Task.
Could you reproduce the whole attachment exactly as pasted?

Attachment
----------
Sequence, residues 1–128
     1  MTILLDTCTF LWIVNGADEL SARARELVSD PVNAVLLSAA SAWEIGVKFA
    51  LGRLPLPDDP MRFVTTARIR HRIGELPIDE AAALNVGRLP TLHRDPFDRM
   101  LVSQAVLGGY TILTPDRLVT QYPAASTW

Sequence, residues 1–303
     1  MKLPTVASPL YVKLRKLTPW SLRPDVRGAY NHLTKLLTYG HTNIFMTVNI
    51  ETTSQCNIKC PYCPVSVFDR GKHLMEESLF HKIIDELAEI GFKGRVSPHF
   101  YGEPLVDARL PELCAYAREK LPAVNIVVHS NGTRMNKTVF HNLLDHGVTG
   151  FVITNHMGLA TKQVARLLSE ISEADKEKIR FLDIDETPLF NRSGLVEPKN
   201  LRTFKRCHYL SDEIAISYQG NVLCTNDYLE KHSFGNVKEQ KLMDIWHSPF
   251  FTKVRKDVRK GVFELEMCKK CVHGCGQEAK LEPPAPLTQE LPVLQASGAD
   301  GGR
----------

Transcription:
Sequence, residues 1–128
     1  MTILLDTCTF LWIVNGADEL SARARELVSD PVNAVLLSAA SAWEIGVKFA
    51  LGRLPLPDDP MRFVTTARIR HRIGELPIDE AAALNVGRLP TLHRDPFDRM
   101  LVSQAVLGGY TILTPDRLVT QYPAASTW

Sequence, residues 1–303
     1  MKLPTVASPL YVKLRKLTPW SLRPDVRGAY NHLTKLLTYG HTNIFMTVNI
    51  ETTSQCNIKC PYCPVSVFDR GKHLMEESLF HKIIDELAEI GFKGRVSPHF
   101  YGEPLVDARL PELCAYAREK LPAVNIVVHS NGTRMNKTVF HNLLDHGVTG
   151  FVITNHMGLA TKQVARLLSE ISEADKEKIR FLDIDETPLF NRSGLVEPKN
   201  LRTFKRCHYL SDEIAISYQG NVLCTNDYLE KHSFGNVKEQ KLMDIWHSPF
   251  FTKVRKDVRK GVFELEMCKK CVHGCGQEAK LEPPAPLTQE LPVLQASGAD
   301  GGR